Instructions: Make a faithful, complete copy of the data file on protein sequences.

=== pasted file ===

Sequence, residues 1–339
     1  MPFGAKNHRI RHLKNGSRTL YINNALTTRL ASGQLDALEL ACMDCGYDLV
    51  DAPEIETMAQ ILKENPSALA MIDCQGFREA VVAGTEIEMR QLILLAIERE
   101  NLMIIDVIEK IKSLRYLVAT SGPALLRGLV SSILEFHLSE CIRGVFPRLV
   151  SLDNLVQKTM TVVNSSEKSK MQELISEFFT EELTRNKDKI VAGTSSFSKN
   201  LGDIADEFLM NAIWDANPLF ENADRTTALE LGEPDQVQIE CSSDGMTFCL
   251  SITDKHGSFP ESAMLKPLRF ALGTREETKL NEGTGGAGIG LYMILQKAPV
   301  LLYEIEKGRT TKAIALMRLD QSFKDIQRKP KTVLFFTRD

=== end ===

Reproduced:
Sequence, residues 1–339
     1  MPFGAKNHRI RHLKNGSRTL YINNALTTRL ASGQLDALEL ACMDCGYDLV
    51  DAPEIETMAQ ILKENPSALA MIDCQGFREA VVAGTEIEMR QLILLAIERE
   101  NLMIIDVIEK IKSLRYLVAT SGPALLRGLV SSILEFHLSE CIRGVFPRLV
   151  SLDNLVQKTM TVVNSSEKSK MQELISEFFT EELTRNKDKI VAGTSSFSKN
   201  LGDIADEFLM NAIWDANPLF ENADRTTALE LGEPDQVQIE CSSDGMTFCL
   251  SITDKHGSFP ESAMLKPLRF ALGTREETKL NEGTGGAGIG LYMILQKAPV
   301  LLYEIEKGRT TKAIALMRLD QSFKDIQRKP KTVLFFTRD